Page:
Shareholders and current board members at Uber accepted an offer to sell 15 percent of the business to SoftBank. Terms of the deal included Softbank investing $1 billion in the company while also bringing on six new board members.

The new additions will increase Uber's overall board size to 17 people. By and far the highest among major corporations.

For reference, Apple and Facebook each operate with only eight board members.

Will everyone get along?

It has been a tumultuous year for Uber. It seemed one scandal after another rocked the company and forced major shakeups.

Longtime CEO Travis Kalanick was forced to step down, but not give up his board seat. This has led to some high stakes chicanery as multiple factions have been angling to increase their power stake.

The addition of six new board members from another company surely will only add to the confusion and drama. Getting everyone to row their boat in the same direction with a board of this size is a daunting task.

New CEO Dara Khosrowshahi has a full plate already with issues that need to be resolved. The first and foremost is the overall culture at the company. A number of sexual harassment claims against various employees, including Kalanick, paint a troubling picture at one of America's fastest rising companies.

Rooting out the antiquated boys club behavior is going to be key if the company is ever to go public.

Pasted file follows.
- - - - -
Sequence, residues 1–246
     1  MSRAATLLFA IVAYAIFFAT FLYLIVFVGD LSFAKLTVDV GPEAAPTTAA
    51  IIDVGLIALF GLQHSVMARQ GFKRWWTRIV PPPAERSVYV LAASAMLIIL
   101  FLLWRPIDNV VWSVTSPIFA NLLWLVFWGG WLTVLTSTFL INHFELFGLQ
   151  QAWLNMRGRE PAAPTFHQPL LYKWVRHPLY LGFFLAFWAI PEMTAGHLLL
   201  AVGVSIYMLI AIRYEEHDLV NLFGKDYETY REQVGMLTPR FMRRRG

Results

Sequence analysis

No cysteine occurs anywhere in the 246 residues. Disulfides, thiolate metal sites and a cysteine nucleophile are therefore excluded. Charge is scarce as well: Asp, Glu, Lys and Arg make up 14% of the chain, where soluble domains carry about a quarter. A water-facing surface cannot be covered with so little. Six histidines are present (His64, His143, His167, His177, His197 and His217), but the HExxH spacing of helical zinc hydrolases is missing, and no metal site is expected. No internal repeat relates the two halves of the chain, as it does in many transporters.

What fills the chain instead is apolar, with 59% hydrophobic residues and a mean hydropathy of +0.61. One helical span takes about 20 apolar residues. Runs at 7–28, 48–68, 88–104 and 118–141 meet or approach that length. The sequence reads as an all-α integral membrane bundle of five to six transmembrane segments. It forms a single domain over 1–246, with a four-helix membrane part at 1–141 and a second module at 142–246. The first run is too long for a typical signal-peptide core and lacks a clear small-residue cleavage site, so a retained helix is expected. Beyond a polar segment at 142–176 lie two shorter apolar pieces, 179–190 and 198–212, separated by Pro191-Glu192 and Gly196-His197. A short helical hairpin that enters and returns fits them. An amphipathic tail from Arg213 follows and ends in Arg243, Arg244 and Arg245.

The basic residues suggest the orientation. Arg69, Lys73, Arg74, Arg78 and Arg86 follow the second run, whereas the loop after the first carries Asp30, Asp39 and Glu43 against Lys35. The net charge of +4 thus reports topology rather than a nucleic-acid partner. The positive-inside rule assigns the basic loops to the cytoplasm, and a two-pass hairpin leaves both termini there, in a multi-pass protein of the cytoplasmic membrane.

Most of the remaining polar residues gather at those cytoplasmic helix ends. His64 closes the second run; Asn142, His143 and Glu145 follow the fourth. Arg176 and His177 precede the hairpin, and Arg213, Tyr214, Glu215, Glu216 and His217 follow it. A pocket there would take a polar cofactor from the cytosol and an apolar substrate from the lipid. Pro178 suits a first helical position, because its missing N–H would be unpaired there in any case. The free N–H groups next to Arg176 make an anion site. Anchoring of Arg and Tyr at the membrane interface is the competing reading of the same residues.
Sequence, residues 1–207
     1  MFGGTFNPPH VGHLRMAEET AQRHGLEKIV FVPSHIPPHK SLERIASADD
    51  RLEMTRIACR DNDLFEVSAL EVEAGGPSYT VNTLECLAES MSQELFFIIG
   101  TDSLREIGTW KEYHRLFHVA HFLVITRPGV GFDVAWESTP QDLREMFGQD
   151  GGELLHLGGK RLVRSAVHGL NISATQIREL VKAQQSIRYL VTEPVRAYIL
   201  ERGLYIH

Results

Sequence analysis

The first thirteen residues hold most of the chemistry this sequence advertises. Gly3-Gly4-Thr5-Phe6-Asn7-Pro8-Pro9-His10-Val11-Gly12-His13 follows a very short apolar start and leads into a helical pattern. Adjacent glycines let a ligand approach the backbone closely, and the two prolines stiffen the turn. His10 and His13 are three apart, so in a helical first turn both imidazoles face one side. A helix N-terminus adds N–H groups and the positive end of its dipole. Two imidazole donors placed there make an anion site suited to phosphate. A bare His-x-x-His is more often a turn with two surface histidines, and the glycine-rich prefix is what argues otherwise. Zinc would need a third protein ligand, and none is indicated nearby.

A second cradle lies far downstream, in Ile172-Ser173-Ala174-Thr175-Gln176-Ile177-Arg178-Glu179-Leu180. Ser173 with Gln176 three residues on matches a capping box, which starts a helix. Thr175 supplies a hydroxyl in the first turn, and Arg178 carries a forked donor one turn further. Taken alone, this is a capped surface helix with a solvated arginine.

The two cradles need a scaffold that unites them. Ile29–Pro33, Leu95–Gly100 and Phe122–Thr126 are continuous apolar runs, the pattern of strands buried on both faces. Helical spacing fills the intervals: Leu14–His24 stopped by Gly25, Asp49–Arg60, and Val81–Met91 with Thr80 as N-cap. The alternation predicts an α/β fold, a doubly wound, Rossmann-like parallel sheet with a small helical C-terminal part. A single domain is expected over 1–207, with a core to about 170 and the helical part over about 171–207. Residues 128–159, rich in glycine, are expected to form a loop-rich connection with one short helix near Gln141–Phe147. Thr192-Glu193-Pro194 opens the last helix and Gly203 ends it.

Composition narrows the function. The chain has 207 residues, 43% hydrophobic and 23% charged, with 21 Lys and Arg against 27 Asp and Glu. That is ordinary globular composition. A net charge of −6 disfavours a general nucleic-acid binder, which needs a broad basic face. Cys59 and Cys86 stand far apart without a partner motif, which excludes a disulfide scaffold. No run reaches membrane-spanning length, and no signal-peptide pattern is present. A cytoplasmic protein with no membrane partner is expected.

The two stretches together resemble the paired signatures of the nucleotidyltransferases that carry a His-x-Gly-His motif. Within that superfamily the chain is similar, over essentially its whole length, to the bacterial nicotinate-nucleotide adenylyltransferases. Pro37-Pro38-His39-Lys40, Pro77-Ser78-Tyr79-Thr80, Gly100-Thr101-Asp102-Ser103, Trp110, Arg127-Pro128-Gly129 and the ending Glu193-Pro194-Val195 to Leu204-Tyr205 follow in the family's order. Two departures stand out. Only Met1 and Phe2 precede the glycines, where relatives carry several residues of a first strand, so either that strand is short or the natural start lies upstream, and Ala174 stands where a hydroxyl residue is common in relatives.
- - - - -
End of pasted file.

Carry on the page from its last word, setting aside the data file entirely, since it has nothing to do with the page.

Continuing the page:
There were originally plans to offer an IPO in 2018, but estimates say it will now be 2019 at the earliest. This makes sense as a slew of new board members are entering the company. Time will be needed to iron out the details and clean things up.

Going public means having to answer to public shareholders. The types of scandals that have plagued Uber would be disastrous if they had a stock price that could be affected.

It will be interesting to see where Uber goes from here. Having a board of this size is pretty unprecedented. One would argue what the company truly needs at this time is a stabilizing and unifying vision to move forward.

This deal seems to be more about the $1 billion commitment of investment, rather than the acquisition of new board members that aren't necessarily needed.

It is also starting to feel like there may be some internal panic regarding Uber's long-term future. If and when an IPO is announced, be sure to keep an eye on how the board members treat their initial shares. With such a large board, it is highly unlikely that most would stay on after the company went public. Some may be seeing this as an opportunity to cash out at the perfect time. If that turns out to be true, some of the upcoming decisions that need to be made will surely be affected.